COLUMBUS — The time for meaningful decisions has arrived for the Big Ten and Ohio State.
The deadlines that were tentatively established throughout the summer during these unprecedented times all kept getting pushed back, but there’s really not much room to keep kicking that can down the road as August arrives — and brings the start of training camp with it.
Big Ten commissioner Kevin Warren suggested that the league would decide by Wednesday if it was going to give the green light for teams to start full practices on Friday as originally planned. And with that step, the league will almost certainly have to put forth some sort of plan for games this season, even if it obviously remains subject to change.
“As August 2020 approaches, much uncertainty remains surrounding the COVID-19 virus that entered our lives during the first few months of the calendar year,” Warren’s letter to Big Ten athletic directors said last week. “As the Big Ten Conference moves closer to regularly scheduled start dates for fall classes and fall sports, the unprecedented situation we find ourselves in — not only as a conference, but as a society — is inherently uncertain.
” … The health and safety of our students, student-athletes and everyone associated with our Big Ten university communities has been and will remain our primary focus.”
So, what looming issues must be addressed by the conference and teams like the Buckeyes if football is going to be played next month? Lettermen Row is setting the table for the crucial week ahead with looming questions that need to be answered.
Will training camp start on time?
With every other Power Five league anticipating an on-time start and the Big 12 having already started practice, it’s difficult to imagine that the Big Ten would pull the plug on training camps across the league this week. The summer training sessions haven’t been perfect with Ohio State briefly having to shut down last month and both Rutgers and Michigan State going into full-team quarantines, but the results in avoiding positive tests have largely been encouraging enough so far around the league that it would be surprising not to take the next step from here.
It’s important that teams actually start having full-contact workouts not only to prepare for the possibility of a season, but also just to make sure that the existing protocols in place will continue to be effective once players are again competing in close quarters. If the Big Ten decides it can’t start camp this week, it would essentially be signaling that it doesn’t plan on playing football this year at all.
Where is the Big Ten schedule?
Assuming the league proceeds with training camp and confirms that decision by Wednesday, that seems like a good time to unveil the details of the conference-only schedule as well. After delaying for the last couple months in that area, the Big Ten is now a month away from the projected Week One start date and needs to start making definitive plans for what the season will look like.
Given the flexibility the conference built into the schedule, it could perhaps push back yet again — especially if it follows suit with the SEC and Pac-12 by sliding the opening kickoff back into late September. Either way, at some point it needs to unveil the matchups and allow some plans to be made for travel to road games.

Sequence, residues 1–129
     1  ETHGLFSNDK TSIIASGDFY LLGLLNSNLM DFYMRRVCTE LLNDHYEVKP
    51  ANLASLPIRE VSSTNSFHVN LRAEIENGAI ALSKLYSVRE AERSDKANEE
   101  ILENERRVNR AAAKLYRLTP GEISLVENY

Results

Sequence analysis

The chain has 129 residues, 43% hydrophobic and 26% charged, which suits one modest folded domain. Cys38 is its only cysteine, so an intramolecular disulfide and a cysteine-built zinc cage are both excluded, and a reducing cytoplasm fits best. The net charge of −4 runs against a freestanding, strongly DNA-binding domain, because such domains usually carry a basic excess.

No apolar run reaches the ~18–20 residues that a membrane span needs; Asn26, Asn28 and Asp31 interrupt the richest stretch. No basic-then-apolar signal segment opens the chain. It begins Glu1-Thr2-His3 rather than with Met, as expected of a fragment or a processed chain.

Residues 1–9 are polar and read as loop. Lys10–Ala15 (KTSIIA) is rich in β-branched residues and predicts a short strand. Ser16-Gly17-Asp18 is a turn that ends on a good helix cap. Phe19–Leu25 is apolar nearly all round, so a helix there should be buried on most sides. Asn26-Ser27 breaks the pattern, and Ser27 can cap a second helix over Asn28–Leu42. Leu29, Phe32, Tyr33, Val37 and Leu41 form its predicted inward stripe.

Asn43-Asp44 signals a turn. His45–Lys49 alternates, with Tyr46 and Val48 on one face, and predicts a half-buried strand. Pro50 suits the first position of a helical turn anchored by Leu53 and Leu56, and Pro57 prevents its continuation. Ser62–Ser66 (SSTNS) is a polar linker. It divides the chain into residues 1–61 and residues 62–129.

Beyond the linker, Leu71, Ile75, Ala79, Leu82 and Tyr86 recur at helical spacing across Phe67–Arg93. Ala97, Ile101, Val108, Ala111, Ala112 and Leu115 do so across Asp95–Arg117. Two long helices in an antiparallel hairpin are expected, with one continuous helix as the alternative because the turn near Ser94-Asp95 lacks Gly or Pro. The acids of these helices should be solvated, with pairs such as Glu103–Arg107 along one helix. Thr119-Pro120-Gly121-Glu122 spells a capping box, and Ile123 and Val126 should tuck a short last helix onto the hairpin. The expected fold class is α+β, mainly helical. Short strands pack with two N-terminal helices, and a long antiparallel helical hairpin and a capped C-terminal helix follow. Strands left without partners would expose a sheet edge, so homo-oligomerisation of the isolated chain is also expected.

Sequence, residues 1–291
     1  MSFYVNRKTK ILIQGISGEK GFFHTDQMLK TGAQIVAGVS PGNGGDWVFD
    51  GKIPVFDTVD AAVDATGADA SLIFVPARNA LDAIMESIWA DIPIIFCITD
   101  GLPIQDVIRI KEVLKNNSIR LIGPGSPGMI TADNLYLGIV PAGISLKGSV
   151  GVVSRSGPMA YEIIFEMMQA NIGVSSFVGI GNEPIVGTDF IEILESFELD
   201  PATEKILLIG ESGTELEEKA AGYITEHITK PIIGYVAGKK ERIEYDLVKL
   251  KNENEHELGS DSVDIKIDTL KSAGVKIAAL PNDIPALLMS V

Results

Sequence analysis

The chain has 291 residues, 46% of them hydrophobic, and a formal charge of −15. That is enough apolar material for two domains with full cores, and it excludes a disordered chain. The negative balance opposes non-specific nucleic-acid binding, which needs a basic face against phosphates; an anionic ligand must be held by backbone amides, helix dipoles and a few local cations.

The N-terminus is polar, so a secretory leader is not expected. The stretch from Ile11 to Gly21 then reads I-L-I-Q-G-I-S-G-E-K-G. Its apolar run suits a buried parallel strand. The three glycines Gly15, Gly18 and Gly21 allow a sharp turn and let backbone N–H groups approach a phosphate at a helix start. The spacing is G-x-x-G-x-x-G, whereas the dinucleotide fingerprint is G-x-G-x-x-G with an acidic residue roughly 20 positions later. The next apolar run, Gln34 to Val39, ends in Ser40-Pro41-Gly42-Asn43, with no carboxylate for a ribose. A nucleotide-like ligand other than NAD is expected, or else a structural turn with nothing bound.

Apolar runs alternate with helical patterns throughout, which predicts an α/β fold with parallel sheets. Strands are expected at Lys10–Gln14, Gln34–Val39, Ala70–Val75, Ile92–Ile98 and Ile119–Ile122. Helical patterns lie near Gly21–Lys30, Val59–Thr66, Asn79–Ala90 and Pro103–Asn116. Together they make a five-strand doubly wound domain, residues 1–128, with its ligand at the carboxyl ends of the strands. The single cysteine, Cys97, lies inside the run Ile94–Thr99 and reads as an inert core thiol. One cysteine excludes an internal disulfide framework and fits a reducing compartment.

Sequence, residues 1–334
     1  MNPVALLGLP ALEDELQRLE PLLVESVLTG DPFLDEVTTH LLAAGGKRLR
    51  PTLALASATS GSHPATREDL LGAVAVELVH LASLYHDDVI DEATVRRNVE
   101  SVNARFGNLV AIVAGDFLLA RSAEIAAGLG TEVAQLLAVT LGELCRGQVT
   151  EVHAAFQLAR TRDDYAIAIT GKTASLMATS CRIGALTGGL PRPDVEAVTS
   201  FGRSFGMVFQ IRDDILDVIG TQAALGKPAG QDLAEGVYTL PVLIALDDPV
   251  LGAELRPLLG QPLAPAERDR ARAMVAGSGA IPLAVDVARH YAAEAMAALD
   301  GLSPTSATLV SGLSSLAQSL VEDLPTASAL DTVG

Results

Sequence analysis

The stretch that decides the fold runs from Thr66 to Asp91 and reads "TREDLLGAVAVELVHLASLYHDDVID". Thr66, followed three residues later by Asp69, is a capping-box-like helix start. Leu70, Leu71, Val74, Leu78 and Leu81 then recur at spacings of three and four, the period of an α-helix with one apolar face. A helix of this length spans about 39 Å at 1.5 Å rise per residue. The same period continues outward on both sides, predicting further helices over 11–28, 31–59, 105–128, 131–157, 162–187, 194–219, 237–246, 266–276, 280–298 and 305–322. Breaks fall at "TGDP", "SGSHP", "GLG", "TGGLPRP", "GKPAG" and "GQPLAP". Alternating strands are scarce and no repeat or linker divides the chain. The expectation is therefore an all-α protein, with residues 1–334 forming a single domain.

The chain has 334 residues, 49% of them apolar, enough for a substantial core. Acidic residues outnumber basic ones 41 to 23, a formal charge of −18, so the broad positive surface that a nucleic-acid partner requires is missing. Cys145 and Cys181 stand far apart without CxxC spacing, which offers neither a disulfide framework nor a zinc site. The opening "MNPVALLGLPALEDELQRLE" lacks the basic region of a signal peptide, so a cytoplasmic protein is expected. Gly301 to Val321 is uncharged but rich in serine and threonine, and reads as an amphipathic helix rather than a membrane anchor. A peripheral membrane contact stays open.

Will any Ohio State players opt out of the season?
So far, Lettermen Row sources have indicated that all the Buckeyes have been participating in the workouts thus far, and there have been no players elect to sit out this season. There will be a renewed round of interest in that choice as the start of training camp arrives on Friday, and the possible boycott in the Pac-12 from players over a variety of issues could be a wrinkle that extends across the country and into the Big Ten.
There has also already been a top NFL Draft prospect at Virginia Tech decide to forego the risks of playing this season, and Ohio State has a handful of projected first-round picks who could at least considering doing the same. Since guys like Shaun Wade, Wyatt Davis and Josh Myers all have made it clear why they came back for another season, it would be a surprise to see them opt out of any chance to chase down a national championship. But this is a situation that will be monitored for every major program across the country.
How will Ryan Day tweak practice schedules for Ohio State?
There was no Big Ten media day event this summer, and Ryan Day and the Buckeyes have been working in near-total silence since spring camp was shut down in March. It’s been difficult to get much of a read on what Ohio State has been doing to prepare with Day and the players largely unavailable to the media and the limited workouts all closed, but that is expected to end this week once practice resumes.
Day has faced plenty of unique challenges already in his career with the Buckeyes, and this one he’s been facing for the last few months is certainly daunting. It won’t get any easier when he has to decide how to structure workouts, looking at everything from which units should practice against each other to deciding who should room together in the team hotel during camp. Day has repeatedly proven to be a problem-solving coach, and it will be fascinating to see and hear how he’s tackling the issues facing the Buckeyes heading into the season.